Low Cost Air Travel

Air fares are crazy! The cost of a ticket is determined by numerous factors, and is usually not directly related to the distance traveled. Many travelers try to be creative, sometimes using only parts of tickets with stops in various cities to achieve lower-cost travel. However, the airlines are aware of this behavior, and usually require that the travel covered by a ticket be completed in order and without intervening travel. For example, if you have a ticket for travel from City-1 to City-2 then to City-3, you are not allowed to use only the portion of the ticket for travel from City-2 to City-3. You must always start at the first city on the ticket. In addition, you are not allowed to travel from City-1 to City-2, fly elsewhere and return, and then continue your journey from City-2 to City-3. Let’s consider an example. Suppose you are allowed to purchase three types of tickets: Ticket #1: Ticket #2: Ticket #3: City-1 to City-3 to City-4 City-1 to City-2 City-2 to City-3 $225.00 $200.00 $50.00 Suppose you wanted to travel from City-1 to City-3. There are two ways to get there using only the available ticket choices: Purchase Ticket #1 for $225.00 and use only the first leg of the ticket. Purchase Ticket #2 for $200.00 and Ticket #3 for $50. The first choice is the cheapest. Given a set of airline ticket offers, and one or more trip itineraries, you must determine how to purchase tickets in order to minimize the cost of travel. Each trip will be possible. Input Input consists of multiple test cases, each describing a set of ticket offers and a set of trip itineraries. Each case begins with a line containing NT, the number of ticket offers, followed by NT offer descriptions, one to a line. Each description consists of a positive integer specifying the price of the ticket, the number of cities in the ticket’s route, and then that many cities. Each city in a case has an arbitrary, but unique, integer identification number. Note that several tickets may be purchased from the same offer. The next line contains NI, the number of trips that are to have their cost minimized. NI lines follow, giving the itineraries for each trip. Each line consists of the number of cities in the itinerary (including the starting city), followed by that many city identification numbers, given in the order they are to be visited. There will be no more than 20 ticket offers or 20 itineraries in a test case. Each offer and itinerary lists from 2 to 10 cities. No ticket price exceeds $10,000. Adjacent cities in a route or itinerary will be distinct. Tickets and trips are numbered sequentially in each set, starting with 1. The last case is followed by a line containing a zero. Output For each trip, output two lines containing the case number, the trip number, the minimum cost of the trip, and the numbers of the tickets used for the trip, in the order they will be used. Follow the output format shown below. The output will always be unique.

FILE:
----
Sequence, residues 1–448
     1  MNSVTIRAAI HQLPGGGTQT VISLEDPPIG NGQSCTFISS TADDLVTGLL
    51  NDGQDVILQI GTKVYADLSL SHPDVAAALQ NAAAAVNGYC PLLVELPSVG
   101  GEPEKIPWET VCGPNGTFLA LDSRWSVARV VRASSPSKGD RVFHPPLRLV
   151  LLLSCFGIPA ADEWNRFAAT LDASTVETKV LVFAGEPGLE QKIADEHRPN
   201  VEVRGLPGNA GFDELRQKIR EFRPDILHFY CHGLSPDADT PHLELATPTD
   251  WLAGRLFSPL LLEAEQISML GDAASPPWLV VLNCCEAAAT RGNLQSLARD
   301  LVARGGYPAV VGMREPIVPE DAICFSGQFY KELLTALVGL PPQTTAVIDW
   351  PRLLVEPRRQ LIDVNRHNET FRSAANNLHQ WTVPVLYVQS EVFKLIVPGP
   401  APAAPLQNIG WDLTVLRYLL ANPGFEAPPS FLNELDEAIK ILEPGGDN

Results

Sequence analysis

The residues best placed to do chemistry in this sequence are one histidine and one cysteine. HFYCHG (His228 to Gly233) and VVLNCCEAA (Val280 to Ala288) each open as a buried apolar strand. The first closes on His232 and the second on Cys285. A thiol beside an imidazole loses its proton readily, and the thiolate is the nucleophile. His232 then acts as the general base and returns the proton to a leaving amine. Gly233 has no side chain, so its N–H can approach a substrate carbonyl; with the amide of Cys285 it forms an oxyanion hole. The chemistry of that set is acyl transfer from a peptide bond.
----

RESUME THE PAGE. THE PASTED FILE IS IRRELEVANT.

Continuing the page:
2/2 Sample Input 3 225 3 1 3 4 200 2 1 2 50 2 2 3 1 213 3 100 2 2 4 100 3 1 4 3 200 3 1 2 3 2 3143 3124 0 Sample Output Case 1, Trip 1: Cost = 225 Tickets used: 1 Case 2, Trip 1: Cost = 100 Tickets used: 2 Case 2, Trip 2: Cost = 300 Tickets used: 3 1